Real Android fragmentation in the wild.

Lots of people have been banging on about Android fragmentation and that it is all going to end up like J2ME and we are all going to explode big splurge. I am pretty relaxed about this as fragmentation is just a fact of life in mobile – because we are dealing with consumer electronics after all – and to be honest it is just the natural state of things, look at all the browsers hacks people take for granted.

That said in creating the “VIP Call” app for Android I came across a real live fragmentation example and here it is:

VIP Call” depends on being able to access the Contacts on the phone via an intent like so:

Intent intent = new Intent(Intent.ACTION_PICK, People.CONTENT_URI);
startActivityForResult(intent, PICK_CONTACT);

and process the returned contact like so:

Uri contactData = data.getData();
Cursor c = activity.managedQuery(contactData, null, null, null, null);
if (c.moveToFirst()) {
String name = c.getString(c.getColumnIndexOrThrow(People.NAME));
String number = c.getString(c.getColumnIndex(”primary_phone”));
return new Vip(name,number);
} else {
return null;

This works fine in 1.5 and 1.6 but fails in > 2.0 – my Droid users were not happy.

Turns out the contacts API has been re-written pretty extensively for 2.x so that there is support for multiple accounts. What’s more it aint backwards compatible.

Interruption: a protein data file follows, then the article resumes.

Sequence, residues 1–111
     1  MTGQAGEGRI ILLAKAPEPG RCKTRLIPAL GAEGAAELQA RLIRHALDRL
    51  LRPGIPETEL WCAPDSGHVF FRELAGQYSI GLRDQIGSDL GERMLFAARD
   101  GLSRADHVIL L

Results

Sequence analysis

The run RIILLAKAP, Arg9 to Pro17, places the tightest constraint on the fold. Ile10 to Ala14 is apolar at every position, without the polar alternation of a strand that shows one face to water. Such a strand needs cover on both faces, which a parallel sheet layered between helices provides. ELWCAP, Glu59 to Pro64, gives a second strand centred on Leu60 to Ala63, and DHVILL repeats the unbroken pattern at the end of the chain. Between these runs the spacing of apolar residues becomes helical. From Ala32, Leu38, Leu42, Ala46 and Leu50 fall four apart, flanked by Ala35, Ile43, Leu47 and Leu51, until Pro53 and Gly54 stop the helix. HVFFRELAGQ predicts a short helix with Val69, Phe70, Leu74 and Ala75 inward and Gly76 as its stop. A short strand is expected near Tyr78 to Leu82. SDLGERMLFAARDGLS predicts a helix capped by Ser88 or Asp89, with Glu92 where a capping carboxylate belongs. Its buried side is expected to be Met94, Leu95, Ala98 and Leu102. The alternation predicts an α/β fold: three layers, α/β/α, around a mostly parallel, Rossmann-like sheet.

The solution – suggested by google – is to create a ContactsAccessor class that encapsulates the two different implementations. So the call to the Intent now looks like:

startActivityForResult(mContactAccessor.getPickContactIntent(), PICK_CONTACT_REQUEST);

I wont list the full solution here as Google have provided a full example solution in the android-business-card code.

I must say this bit of code in the solution gave me J2ME Vietnam-like flash backs:

* Check the version of the SDK we are running on. Choose an
* implementation class designed for that version of the SDK.
* Unfortunately we have to use strings to represent the class
* names. If we used the conventional ContactAccessorSdk5.class.getName()
* syntax, we would get a ClassNotFoundException at runtime on pre-Eclair SDKs.
* Using the above syntax would force Dalvik to load the class and try to
* resolve references to all other classes it uses. Since the pre-Eclair
* does not have those classes, the loading of ContactAccessorSdk5 would fail.
int sdkVersion = Integer.parseInt(Build.VERSION.SDK); // Cupcake style
if (sdkVersion < Build.VERSION_CODES.ECLAIR) {
className = “″;
} else {
className = “″;

Tis my own opinion that fragmentation in Android is going to be on a par with the fragmentation we find in the browser world rather than the J2ME experience. The major reason for this is that the Android OS is over the air upgradable – my G1 has already had about 3 upgrades – this was not possible in the J2ME giving us the long tail we know and love ;-) .

310 Responses to “Real Android fragmentation in the wild.”

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